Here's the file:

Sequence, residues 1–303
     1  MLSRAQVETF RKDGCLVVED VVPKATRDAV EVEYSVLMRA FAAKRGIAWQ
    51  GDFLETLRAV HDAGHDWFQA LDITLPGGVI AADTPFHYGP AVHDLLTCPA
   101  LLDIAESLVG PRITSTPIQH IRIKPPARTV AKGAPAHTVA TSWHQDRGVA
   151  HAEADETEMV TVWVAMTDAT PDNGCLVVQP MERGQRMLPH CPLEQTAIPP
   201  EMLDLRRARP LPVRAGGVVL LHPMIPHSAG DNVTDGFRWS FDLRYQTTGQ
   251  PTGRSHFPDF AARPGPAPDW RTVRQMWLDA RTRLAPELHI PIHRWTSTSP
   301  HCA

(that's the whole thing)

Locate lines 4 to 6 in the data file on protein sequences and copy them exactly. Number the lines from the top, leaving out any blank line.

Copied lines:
   101  LLDIAESLVG PRITSTPIQH IRIKPPARTV AKGAPAHTVA TSWHQDRGVA
   151  HAEADETEMV TVWVAMTDAT PDNGCLVVQP MERGQRMLPH CPLEQTAIPP
   201  EMLDLRRARP LPVRAGGVVL LHPMIPHSAG DNVTDGFRWS FDLRYQTTGQ